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Why, when saying “thank you” is the known proper response, do we suddenly feel like we don’t know what to say? The answer lies in the true meaning of embarrassment: We feel embarrassed because we care about the relationship we have with the person we feel embarrassed in front of. We may feel embarrassed that we didn’t say something complimentary to them first, or that we’ve done something (or worn something) that separates us from the other person status-wise, or that we’re suddenly acutely aware that the person holds us in some sort of esteem. We know full well that “thank you” would suffice, but it can also feel like “thank you” leaves something out.

The Beheld: Values, Stereotypes and Big Feelings — Part 2

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It’s been several years since I’ve started being more fluent in beautytalk, and between working at image-conscious magazines and running a blog that is specifically designed to examine women’s attitudes and feelings about beauty and being looked at, it’s second nature now. Compliments and questions related to style or appearance easily tumble out of me; if I’m meeting a woman cold, like if I’m at a party where I don’t know anyone, chances are that’s the first thing out of my mouth. I’m always sincere about it—compliments fall flat if they’re a lie—and at this point I wouldn’t even say that this line of conversation is intentional. But I know where it comes from, and I know what I’m hoping to elicit when I do it.

Here is my trouble: I fear that I am forgetting how to connect with women in any other way. I found myself at a dinner party a while ago with a woman whose manner intrigues me; she’s one of those people whose words seem to matter more than other people’s, so wisely does she choose them. I was seated next to her, and my first words to her were something about her shoes (which were gorgeous, so I’m not entirely to blame here). She smiled and said Thank you, as one does, and after we had each nodded acceptance of the compliment and ensuing gratitude, neither of us had anything further to say to one another. Rather, I didn’t know how to get to that further point—at least not without her doing some of the heavy lifting along with me.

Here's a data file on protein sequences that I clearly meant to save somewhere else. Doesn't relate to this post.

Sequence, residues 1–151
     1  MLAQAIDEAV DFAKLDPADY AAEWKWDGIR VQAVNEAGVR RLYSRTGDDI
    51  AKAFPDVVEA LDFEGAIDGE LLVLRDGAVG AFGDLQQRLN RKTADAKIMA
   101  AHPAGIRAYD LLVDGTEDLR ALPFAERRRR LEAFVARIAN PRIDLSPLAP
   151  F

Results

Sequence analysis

The Beheld on Girl Talk

The Beheld’s Beauty Blogosphere

Great piece at Deadspin about the use of code words to talk about female gymnasts’ bodies, now that the field (at least in the States) has made significant progress in not stigmatizing athletes built like Mary Lou Retton and Shawn Johnson. They’re no longer “stocky”—they’re “athletic”! “Plenty of lean, flexible gymnasts have nothing in common with dancers in terms of musicality and interpretation. We call them artistic because we can as easily imagine them in a tutu as in a leotard.” I remember feeling uneasy about this sort of thing with the Nancy Kerrigan-Tonya Harding showdown: Commentators talked about Kerrigan’s “grace” and Harding’s “athleticism”—and certainly Harding is athletic. But you know who else is athletic? Um, Nancy Kerrigan. It’s the fucking Olympics! And certainly Harding couldn’t have gone as far as she did without being rather graceful herself. Ugh. (Thanks to reader Willa for the link!)